Has the case for excellent Walla Walla Syrah been definitively demonstrated? Q.E.D.?
I’m not going to go quite that far. But I will say that they might be pretty damn close, especially in those cases where the balance beats out the brawn in their Syrah bottlings.
Two wine producers that I encountered recently in Walla Walla (while there for the 2010 Wine Bloggers Conference) in particular made good cases (ha-ha!) for Walla Walla Syrah being the wave of the future; one which officially took part in the WBC activities, and one that didn’t (in fact, their winemaker skipped town during the event).
The first of these was Rasa Vineyards, led by the Naravane brothers who have engineering backgrounds, and are fascinating folks to talk to, provided you can follow their scientific leanings. They were part of a panel about WA wine at Three Rivers Winery (part of the WBC events), and certainly talked up the potential of Walla Walla Syrah when I asked the panel what they thought the future held given that Walla Walla is still a relatively young wine producing region.
The proof, fortunately, was in the juice, and their appropriately-titled 2007 QED wine, sourced from Walla Walla and Yakima fruit, is powerful, expressive, but balanced; it’s also expensive at $50 – but overall a decent value when compared to more expensive but not-quite-as-solid Syrah-based wines being made elsewhere on the Left Coast.
The second was pretty much the entire portfolio of wines from Rotie Cellars, who were kind enough to host a handful of us bloggers in their downtown Walla Walla tasting room while lunch activities took place during day one of the WBC. Winemaker Sean Boyd is certainly playing with fire with their wine names (“VdP” for example), which I am sure the French would be none-too-happy about, but he has some Syrah-based wines with significant promise; they might have been some of the most deftly balanced WA reds that I’ve ever tasted.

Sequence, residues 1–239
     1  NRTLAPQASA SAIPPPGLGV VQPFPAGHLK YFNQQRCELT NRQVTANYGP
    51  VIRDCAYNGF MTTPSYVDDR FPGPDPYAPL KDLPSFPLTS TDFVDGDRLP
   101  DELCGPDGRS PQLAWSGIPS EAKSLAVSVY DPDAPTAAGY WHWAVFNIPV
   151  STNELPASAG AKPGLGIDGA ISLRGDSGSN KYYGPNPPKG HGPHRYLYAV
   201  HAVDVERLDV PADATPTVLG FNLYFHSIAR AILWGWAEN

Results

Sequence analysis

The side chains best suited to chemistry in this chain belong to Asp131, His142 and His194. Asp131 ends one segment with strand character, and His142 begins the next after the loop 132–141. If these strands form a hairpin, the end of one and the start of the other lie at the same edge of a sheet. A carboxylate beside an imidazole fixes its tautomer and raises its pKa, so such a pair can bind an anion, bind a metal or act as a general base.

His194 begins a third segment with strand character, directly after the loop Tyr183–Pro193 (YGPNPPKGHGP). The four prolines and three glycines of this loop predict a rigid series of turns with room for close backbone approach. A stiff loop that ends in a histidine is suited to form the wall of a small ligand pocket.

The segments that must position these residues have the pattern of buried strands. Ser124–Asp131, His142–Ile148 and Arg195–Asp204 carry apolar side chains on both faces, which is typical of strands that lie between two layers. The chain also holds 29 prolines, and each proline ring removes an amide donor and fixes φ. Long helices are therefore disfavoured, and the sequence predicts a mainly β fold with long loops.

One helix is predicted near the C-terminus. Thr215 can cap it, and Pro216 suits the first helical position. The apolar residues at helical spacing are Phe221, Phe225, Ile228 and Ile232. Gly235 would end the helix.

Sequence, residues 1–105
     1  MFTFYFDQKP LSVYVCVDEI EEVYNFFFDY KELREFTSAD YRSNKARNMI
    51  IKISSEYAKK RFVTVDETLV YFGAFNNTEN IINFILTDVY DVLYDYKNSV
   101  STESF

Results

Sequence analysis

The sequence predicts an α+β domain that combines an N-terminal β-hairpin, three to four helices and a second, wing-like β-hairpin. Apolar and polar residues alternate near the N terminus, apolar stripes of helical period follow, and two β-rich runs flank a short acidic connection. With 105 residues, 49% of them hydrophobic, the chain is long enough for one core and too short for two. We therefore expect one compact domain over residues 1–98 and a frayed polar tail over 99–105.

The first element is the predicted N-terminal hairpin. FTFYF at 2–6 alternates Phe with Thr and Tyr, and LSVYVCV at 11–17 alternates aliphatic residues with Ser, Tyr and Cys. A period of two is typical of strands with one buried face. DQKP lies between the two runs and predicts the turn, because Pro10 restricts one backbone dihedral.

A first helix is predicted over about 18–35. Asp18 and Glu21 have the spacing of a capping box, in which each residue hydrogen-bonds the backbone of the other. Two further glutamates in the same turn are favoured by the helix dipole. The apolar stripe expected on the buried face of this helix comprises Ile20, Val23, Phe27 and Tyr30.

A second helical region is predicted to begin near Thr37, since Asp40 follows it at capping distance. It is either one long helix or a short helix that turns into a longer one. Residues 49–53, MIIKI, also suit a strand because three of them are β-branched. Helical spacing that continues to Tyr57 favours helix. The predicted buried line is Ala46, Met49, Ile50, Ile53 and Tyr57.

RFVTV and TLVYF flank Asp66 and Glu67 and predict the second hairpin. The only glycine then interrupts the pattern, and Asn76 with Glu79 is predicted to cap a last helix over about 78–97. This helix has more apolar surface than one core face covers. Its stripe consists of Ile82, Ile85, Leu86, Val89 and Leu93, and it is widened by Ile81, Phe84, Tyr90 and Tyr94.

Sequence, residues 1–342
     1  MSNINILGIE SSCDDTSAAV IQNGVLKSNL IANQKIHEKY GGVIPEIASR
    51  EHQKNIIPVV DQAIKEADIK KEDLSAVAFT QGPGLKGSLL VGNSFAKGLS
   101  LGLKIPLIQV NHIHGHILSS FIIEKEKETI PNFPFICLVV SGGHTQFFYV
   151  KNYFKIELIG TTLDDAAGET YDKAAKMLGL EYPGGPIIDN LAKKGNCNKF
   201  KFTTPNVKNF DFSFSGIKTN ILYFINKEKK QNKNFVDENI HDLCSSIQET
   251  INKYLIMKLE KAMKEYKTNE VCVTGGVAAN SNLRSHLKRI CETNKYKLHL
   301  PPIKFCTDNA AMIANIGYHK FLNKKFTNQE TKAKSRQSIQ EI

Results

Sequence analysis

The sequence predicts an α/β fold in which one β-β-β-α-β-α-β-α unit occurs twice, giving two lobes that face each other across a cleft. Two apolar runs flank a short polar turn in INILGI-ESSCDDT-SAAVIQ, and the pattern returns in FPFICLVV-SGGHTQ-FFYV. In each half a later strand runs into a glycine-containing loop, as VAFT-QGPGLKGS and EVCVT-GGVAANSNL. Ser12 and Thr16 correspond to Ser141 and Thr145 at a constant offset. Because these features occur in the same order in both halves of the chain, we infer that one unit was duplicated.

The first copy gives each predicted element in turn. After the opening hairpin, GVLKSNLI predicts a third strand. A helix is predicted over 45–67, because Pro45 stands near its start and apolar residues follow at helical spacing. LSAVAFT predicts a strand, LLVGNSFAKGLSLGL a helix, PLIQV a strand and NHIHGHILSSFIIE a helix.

But with all of this focus on the future going on, the WA wine scene, I quickly learned, would do well not to forget its past…
That lesson in future-past was imparted to me during a post-WBC visit to the home of Wine Enthusiast’s Paul Gregutt, who graciously and generously poured library selections from WA wine’s past for a few bloggers lucky enough to stop by (including the Wine Peeps clan, as well as local Josh Wade and not-so-local Ben Simons). On the whole, selections from the 1990s had significantly higher percentages of Cabernet Sauvignon and significantly less alcohol than their 2000-era equivalents.
A shining example was the Bordeaux-like (think walnut aromas) Seven Hills 1998 Walla Walla Cabernet, which I continued to come back to over the course of our short visit with Paul, impressed with its depth if dark fruit and pleasing acidity. Why does Cabernet – especially low-alcohol Cab – seem to be getting shorter and shorter shrift out here? I found myself wondering. Here was a wine, in the Seven Hills that drank like a cross between Napa and Saint-Julien, was holding up extremely well, and drinking in a beautifully food-friendly way. If I was going to make wine out here, I’d sure as hell would be happy if it tasted like this, I thought.
Some in Walla Walla are certainly not shying away from Cabernet-based wines, and are shooting for balance, even if their soil and weather rules moderate alcohol levels out of the equation. Which is where Buty Winery comes in.
Caleb & Nina Buty Foster have established a small winemaking outfit with an intimate connection to the land in Walla Walla, bringing nearly two decades of experience to bear on the relatively-new venture. Vines at Buty’s vineyards are planted on an angle to reduce sunburning the vines and fruit, and to help minimize the radiant heat from the large, dark stones that define their vineyard location. Deep, dark wines with personality and good balance are the result, with the alcoholic heat mitigated by good acid structure (a lot like the shade in those vines helps to mitigate the impact of that WA sun). And most of their reds are Cab-dominant. I’m hoping that I get a chance to taste some of those wines a few years from now to see if they will uphold the best of the high standards of WA wine ageability set for me by those that I tasted from the 90s.